Put on wing tips and you’ll step like a boss. That’s how it goes. Once you set a tone, you start humming along.

Read it out loud. Does what you’re hearing fit your reader’s ear?


4. Memorize your Purpose

To use that voice with confidence, you have to know what you’re trying to achieve.

Today’s task highlights the website’s role in meeting the school’s larger goal: training the next generation of scholars. The content needs to do more than provide basic information. It must also introduce our Shiny! New! Story! as we make our way through this merger. When deciding how to compose and organize, these counterbalanced themes simplify my options. The site has two basic jobs:

a. Informing students of the resources, expectations, and procedures while also. . .
b. Conveying the scholarly mores of our emerging school

Both form and the content have clear objectives. I know what they are. Indecision doesn’t stand a chance.

Make the goal your mantra. Return to it when your words rebel.


5. Erect a Scaffold

Outlines may be overrated but they anchor your belay as you clamber through the work.

Prior to today’s task, I created the site’s format. That was a few years back. I plucked gems and threads from other websites and used them to assemble a frame. Re-creating the whole thing now would be senseless. This skeleton gets the job done. No need to worry about the fit. Trusting the structure lets me muck around inside the passages and fill them with content. If I find myself hammering something in at an awkward angle, I can crack joints, split seams, and make it all move where it needs to go.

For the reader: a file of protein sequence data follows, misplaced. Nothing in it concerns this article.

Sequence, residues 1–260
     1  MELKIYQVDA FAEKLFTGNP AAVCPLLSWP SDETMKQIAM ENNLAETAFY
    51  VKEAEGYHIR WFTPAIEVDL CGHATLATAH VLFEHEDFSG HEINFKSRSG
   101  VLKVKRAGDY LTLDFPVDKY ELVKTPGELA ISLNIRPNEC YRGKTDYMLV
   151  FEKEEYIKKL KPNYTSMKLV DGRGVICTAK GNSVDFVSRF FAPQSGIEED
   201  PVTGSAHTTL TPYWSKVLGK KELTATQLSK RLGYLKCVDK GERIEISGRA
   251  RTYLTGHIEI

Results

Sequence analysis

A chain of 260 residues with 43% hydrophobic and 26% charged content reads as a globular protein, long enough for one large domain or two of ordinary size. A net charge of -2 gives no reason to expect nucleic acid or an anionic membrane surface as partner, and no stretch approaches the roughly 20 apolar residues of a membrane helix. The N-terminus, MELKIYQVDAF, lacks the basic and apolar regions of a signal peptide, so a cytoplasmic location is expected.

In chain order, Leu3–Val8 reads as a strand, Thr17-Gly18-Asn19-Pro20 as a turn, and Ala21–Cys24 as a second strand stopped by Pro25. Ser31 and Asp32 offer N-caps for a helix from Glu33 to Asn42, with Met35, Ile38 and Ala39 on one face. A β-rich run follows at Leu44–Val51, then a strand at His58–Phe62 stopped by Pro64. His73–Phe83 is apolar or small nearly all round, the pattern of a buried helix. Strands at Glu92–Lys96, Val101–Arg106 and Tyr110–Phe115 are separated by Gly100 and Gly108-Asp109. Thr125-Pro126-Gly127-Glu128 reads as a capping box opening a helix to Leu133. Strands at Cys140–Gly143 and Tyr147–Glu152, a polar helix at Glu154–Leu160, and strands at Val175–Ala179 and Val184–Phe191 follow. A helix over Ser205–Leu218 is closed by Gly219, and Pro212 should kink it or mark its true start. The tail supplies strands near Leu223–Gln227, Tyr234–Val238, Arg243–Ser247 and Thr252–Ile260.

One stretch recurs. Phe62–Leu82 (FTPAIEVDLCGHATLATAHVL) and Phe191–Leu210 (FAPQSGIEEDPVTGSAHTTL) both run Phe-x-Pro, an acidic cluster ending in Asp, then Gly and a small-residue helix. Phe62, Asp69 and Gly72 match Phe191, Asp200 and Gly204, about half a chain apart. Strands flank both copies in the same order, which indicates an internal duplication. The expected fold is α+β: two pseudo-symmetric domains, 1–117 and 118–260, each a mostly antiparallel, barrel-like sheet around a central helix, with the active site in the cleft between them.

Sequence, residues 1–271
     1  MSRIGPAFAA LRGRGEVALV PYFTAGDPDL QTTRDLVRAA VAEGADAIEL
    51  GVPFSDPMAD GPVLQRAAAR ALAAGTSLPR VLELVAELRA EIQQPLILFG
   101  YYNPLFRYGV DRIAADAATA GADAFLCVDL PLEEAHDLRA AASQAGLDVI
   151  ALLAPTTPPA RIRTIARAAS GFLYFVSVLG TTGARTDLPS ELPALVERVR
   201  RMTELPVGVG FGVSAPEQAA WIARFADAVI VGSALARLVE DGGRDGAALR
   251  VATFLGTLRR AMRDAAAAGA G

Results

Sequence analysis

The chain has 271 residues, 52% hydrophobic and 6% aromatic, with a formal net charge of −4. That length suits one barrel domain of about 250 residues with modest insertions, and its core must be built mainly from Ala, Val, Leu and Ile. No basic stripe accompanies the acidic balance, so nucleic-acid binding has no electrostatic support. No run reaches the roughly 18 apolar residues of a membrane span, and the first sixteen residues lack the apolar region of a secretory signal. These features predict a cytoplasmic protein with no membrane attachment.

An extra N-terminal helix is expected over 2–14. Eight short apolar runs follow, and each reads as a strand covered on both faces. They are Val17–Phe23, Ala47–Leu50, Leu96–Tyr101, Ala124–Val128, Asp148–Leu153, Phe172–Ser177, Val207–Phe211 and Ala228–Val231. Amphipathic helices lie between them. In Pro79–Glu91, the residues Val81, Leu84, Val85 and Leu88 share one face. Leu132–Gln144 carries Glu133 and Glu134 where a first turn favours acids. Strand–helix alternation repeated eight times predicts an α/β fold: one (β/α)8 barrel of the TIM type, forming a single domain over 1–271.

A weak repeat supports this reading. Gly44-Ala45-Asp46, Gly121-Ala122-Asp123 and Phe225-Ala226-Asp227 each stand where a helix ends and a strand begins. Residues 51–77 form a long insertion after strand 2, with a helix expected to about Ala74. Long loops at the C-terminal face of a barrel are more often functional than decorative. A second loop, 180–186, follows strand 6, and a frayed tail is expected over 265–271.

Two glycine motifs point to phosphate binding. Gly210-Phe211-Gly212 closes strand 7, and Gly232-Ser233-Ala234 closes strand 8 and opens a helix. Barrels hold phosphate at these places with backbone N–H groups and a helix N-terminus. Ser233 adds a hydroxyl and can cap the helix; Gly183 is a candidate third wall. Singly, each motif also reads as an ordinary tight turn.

Draft an outline in plain English and start filling in words. You can place things in another order once you have things to place.


6. Dice it into Bites

Bullets within categories within headings let you enjoy the carnita without staring down the pig.

Today’s task attends to one idea at a time. I work in this category right now, answering this question right here. What’s the use of fiddling around with other issues? If something pops up, I jot it down and return to sorting out this shred of text.

On most websites, an idea appears on the page in a size that’s easy to digest. Writing this way can be simply devilish until you make it devilishly simple. Divide the work up into ever smaller pieces. Bring one up front and get to work. If the reader needs more material, find or make a place for it, link it, and fill in later.

Cut with a clean edge then go trim the fat.

“Bird by bird,” as Anne LaMott says. Don’t write a book. Shape an idea.

Just one.

This one.
Take a shot at injecting these features of 9-5 writing into your more defiant projects. You just might bring them to a heel. Then you can really move.

4 thoughts on “Six Things a Dull Work Task Taught Me about Writing”

  1. I often think “Bird by bird” when the task at hand is so large. I have a report due on Monday and will be thinking of this post! Have a great weekend.

  2. You apply lessons learned designing a website to writing but, as a website designer, I found the original lessons succinct and well phrased. I passed this entry on to our IT manager and we’re going to go over it at our next programmer’s meeting to see if we can improve our process any. Just thought you would like to know 🙂